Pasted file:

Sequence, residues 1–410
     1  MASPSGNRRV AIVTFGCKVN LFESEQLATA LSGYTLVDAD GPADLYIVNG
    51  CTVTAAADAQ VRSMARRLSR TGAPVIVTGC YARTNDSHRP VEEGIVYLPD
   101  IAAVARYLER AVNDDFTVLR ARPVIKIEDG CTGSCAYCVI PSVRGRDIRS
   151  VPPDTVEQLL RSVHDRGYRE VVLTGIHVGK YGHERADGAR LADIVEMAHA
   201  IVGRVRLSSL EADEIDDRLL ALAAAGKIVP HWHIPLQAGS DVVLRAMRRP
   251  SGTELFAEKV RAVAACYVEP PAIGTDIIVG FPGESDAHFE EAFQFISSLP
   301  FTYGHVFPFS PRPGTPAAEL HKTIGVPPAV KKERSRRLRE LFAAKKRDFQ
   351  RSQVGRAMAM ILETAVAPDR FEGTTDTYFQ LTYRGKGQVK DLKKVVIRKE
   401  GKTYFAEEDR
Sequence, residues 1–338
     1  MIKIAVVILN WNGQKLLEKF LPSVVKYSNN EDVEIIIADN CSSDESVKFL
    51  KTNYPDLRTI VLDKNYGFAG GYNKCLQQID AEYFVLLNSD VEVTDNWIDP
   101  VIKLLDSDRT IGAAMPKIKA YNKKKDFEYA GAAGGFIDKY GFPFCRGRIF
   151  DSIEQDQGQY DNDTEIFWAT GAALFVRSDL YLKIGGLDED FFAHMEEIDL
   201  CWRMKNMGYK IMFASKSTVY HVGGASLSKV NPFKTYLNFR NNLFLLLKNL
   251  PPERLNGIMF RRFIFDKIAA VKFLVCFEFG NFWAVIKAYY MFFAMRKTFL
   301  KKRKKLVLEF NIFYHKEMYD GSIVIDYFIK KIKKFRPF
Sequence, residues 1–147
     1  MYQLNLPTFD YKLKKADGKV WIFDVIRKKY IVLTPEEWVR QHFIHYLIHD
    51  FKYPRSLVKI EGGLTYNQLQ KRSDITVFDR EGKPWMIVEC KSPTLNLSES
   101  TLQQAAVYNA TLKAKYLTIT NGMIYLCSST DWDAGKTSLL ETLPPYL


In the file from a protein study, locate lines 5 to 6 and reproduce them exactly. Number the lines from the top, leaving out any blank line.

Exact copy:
   151  VPPDTVEQLL RSVHDRGYRE VVLTGIHVGK YGHERADGAR LADIVEMAHA
   201  IVGRVRLSSL EADEIDDRLL ALAAAGKIVP HWHIPLQAGS DVVLRAMRRP